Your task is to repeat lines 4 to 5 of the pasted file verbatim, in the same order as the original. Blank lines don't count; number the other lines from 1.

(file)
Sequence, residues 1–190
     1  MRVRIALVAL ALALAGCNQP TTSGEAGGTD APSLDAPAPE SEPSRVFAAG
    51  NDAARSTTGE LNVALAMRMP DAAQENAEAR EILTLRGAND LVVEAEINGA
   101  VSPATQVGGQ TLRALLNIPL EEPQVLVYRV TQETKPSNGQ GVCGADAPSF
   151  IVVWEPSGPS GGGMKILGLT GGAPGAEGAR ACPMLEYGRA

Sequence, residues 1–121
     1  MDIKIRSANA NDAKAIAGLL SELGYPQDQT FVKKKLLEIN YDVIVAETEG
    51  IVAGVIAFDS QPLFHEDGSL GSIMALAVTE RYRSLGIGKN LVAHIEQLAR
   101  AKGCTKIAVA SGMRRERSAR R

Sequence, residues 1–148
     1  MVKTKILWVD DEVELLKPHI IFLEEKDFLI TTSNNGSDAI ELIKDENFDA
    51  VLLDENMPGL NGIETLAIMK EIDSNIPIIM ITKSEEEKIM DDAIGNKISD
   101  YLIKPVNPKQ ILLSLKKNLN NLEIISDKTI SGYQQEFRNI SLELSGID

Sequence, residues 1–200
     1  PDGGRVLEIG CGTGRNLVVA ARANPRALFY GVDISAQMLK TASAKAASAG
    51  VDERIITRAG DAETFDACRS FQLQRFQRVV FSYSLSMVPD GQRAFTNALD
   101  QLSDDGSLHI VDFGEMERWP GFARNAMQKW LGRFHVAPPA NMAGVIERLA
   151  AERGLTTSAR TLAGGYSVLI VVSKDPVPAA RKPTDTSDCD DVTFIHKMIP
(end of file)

   101  VSPATQVGGQ TLRALLNIPL EEPQVLVYRV TQETKPSNGQ GVCGADAPSF
   151  IVVWEPSGPS GGGMKILGLT GGAPGAEGAR ACPMLEYGRA